Members of the Society's Committee are respectfully reminded that there will be a meeting of the Committee on Monday October 9th 2006 at the Abergavenny Arms, Frant, beginning at 2000.

As always, any members of the Society are very welcome to come along and join us for a chat and a drink.  The meetings usually last about an hour.


After briefly talking about our own Sun and describing it as a "G" type dwarf star, Konrad Malin-Smith compared it with a White Dwarf whose mass is rather similar to our Sun's mass but whose size is about that of the Earth.

He pointed out the position of White Dwarfs on the Hertzsprung-Russell diagram where they leave the main sequence stars because of their much higher temperature and low luminosity.  To illustrate this, Konrad projected a photograph of Sirius, the Dog Star in Canis Major.  This is the brightest star in the night sky at magnitude -1.47 although its position varies very slightly over time.  Then we were shown a highly magnified photograph of the same star and barely visible was a companion, Sirius B affectionately known as "The Pup", with a magnitude of +8.44.

Over 150 years ago a German mathematician, Frederick Bessel used the orbit of the Earth to measure the parallax of the star Cygni 61 and so was able to measure its distance.  He used his method of precise measurement in 1844 to detect the slight movement of Sirius A and this led to the discovery by Alvan Clark of Sirius B in 1862.  Later this faint companion was identified as the first White Dwarf to be discovered.

Konrad then used the white star Rigel, the foot of Orion to locate 40 Eridani, also known as Omicron Eridani.  This is a warm star with a White Dwarf orbiting about it in 248 years and at a distance similar to that of Uranus from the Sun.  In 1925, Arthur Eddington devised a method of blanking out the light from the star to actually reveal the White Dwarf.

It was Eddington who suggested that the spectrum of the white dwarf had been red-shifted by gravity. Up until now red shift had been associated only with receding stars but Albert Einstein developed a new theory.  The density of the white dwarf is calculated to be about 20 tons per cubic inch and Einstein proposed that the gravity also causes the red shift, known as the Einstein Shift. 

With the use of an overhead projector, Konrad explained that Electron Degeneracy Pressure is a force such that two electrons cannot occupy the same quantum state at the same time in the same area.  This force sets a limit to the amount of matter that can be squeezed together.  This factor is important because it prevents the White Dwarf collapsing further.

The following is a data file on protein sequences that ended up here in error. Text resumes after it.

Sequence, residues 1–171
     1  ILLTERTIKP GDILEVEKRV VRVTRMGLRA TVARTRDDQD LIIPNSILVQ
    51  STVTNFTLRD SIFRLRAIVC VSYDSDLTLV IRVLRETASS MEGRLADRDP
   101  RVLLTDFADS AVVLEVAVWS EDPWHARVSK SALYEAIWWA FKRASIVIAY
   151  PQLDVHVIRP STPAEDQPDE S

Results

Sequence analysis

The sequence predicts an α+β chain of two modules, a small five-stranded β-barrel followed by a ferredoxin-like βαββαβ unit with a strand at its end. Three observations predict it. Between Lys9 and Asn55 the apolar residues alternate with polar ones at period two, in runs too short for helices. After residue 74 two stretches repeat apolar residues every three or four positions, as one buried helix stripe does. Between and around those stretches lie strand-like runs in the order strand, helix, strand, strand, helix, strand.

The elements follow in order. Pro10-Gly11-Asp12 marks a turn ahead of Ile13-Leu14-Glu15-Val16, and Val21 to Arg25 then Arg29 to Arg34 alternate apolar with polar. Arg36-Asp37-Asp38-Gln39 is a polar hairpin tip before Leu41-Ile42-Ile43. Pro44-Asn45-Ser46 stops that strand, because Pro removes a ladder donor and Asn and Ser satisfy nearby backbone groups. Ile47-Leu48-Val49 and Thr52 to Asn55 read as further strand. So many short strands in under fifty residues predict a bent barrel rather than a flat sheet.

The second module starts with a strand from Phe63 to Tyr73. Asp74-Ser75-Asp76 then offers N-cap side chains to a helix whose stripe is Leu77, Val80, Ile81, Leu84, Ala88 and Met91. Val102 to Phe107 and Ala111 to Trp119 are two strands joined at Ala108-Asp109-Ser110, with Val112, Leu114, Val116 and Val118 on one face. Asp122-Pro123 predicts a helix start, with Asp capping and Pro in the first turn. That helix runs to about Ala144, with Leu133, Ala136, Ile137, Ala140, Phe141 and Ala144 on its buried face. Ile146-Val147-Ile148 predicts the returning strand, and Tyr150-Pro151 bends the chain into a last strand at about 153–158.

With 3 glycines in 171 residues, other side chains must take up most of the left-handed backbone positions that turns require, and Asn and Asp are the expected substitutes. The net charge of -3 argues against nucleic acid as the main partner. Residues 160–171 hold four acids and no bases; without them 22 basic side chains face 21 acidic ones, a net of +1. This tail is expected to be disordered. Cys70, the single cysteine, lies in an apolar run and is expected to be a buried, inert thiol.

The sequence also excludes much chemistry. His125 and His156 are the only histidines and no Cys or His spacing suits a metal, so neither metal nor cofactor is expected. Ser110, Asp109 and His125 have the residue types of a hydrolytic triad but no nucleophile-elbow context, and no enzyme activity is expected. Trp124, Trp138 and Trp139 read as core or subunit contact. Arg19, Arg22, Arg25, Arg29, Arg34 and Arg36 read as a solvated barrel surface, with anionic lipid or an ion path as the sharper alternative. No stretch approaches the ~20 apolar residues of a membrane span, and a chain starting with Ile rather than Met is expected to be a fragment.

An interesting fact that Konrad mentioned is that White Dwarfs have been around from the very early stages of the Universe and none have yet died completely.

We looked at the precursor to the White Dwarf in the form of a helical nebula where hydrogen had been thrown off a massive star and looking rather like a circle of pink cloud when viewed end-on.   We see a number of such rings because of our relative position as viewed from the Earth.

At the centre of this ring of gas is a central star that has shed its outer layer of hydrogen and now has a temperature of 100,000 degrees and is producing heavy radiation.  This star will eventually become a white dwarf.

The example we looked at was in M4 close to Antares.  M4 is a cluster consisting of about 150,000 stars with 40,000 very old white dwarf stars.  Because they are in a cluster they are all at the same distance from us and thus can be compared with each other with this in mind.

One night whilst observing Cygnus, Konrad saw a bright object, which was a Nova just occurring and fortunately had his camera with him at the time.  This Nova was visible for the next 80 days.

Konrad now explained how a Nova occurs when a White Dwarf orbits a red star, sucking off the hydrogen, forming a disk before falling into the dwarf.  The example of a pair we were shown orbited each other in just 41/2 days with a distance between the pair of just a few thousand miles.  When the layer of hydrogen on the dwarf reaches about 10 miles in thickness, the layer becomes unstable and is blown off, resulting in a nuclear reaction, which results in the brightening we see as a Nova.

Finally Konrad talked of an event witnessed in the central bright area of M31, the Andromeda Galaxy in 1865 when an obvious bright spot was observed.  At first astronomers thought it was something within our own galaxy, but then it was realised that it was in fact a Super Nova taking place 2.9 million light years away!

Once again Konrad Malin-Smith had left us with plenty to think about but had presented his subject in a clear but entertaining way.  His equations can be found here and here.


The next Society meeting is on Wednesday 18th October 2006 when Jerry Workman will be paying us another visit and this time talks about the latest news from Mars.

As usual, the meeting will be held in the Upper Room of the Methodist Church, the High Street, Wadhurst, opposite Uplands College. The meeting commences at 1930.


Wednesday 15th November 2006.  David Rooney, who is the Deputy Horologist at Greenwich Museum, is to give us a talk called "A Brief History of GMT".  The new Time Galleries opened last February as part of the improvements to the Museum.

Wednesday 13th December 2006.  Note that this will be second Wednesday of the month.  Phil Berry, a member of the Society is giving a talk he calls "The Trials and Tribulations of an Amateur Astronomer".   

This will be followed by mince pies and beverages!

Wednesday 17th January 2006  The talk is given by Bob Seaney, one of our Society members and the title of his talk is "The Astronomical Art of Chesley Bonestell - Destination Moon (1953) Highlights"

This will be followed by the Society's Annual General Meeting which takes place in January for the first time.